You may need to rethink your entire online strategy: While more than three out of every four social media uses involves Facebook, shared links on the site don’t generate as many clickthroughs as Twitter, according to a new study.
Shared links on Facebook average about three clickthroughs, while ones on Twitter get 19 apiece, according to Social Twist study cited by BusinessInsider.
But this data needs clarification: within a 140-character post, any link will have more eyeshare than it would in a space that doesn’t limit the length of posts. So if clickthroughs are your end goal, then you need to Twitterize your Facebook postings — make outbound links a greater proportion of the total content on a page.
Of course, Twitter’s 140-character-per-post limit may explain why it gets only five percent of all social media traffic, while Facebook gets 78 percent.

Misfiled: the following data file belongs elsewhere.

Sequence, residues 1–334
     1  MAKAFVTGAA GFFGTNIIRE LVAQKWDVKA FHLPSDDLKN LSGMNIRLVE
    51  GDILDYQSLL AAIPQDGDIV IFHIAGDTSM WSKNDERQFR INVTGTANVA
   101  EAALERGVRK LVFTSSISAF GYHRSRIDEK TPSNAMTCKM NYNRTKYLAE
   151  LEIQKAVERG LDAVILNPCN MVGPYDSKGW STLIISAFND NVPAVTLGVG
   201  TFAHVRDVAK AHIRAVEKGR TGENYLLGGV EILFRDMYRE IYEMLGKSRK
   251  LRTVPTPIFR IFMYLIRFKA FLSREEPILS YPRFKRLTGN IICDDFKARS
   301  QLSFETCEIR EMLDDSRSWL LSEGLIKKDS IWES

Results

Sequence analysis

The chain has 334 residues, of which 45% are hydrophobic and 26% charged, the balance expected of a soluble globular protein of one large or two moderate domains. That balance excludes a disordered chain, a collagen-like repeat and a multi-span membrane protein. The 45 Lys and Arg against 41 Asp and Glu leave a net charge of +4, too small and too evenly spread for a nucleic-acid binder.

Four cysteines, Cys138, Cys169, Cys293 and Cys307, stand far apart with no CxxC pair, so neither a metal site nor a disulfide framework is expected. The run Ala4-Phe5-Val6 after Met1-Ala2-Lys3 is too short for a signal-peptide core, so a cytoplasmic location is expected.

Consider that 165 million people have Twitter accounts while nearly 600 million are on Facebook.
Clearly, a lot of Tweeple remain idle if only five percent of social media traffic happens on Twitter while 78 percent happens on Facebook.
Clickthroughs remain the most popular way for websites to monetize Twitter accounts, while Social Twist’s new statistics make a case for Facebook page administrators to embed turnkey shopping applications like Payvment or Yardsellr rather than sending traffic elsewhere.
No matter how you slice an dice the SocialTwist statistics, the bottom line is that one could always find a way to better optimize a marketing campaign on Facebook — including monetizing pages on the site.
Readers, what’s your take on clickthroughs from social media? What kinds of different strategies make sense for Facebook and Twitter?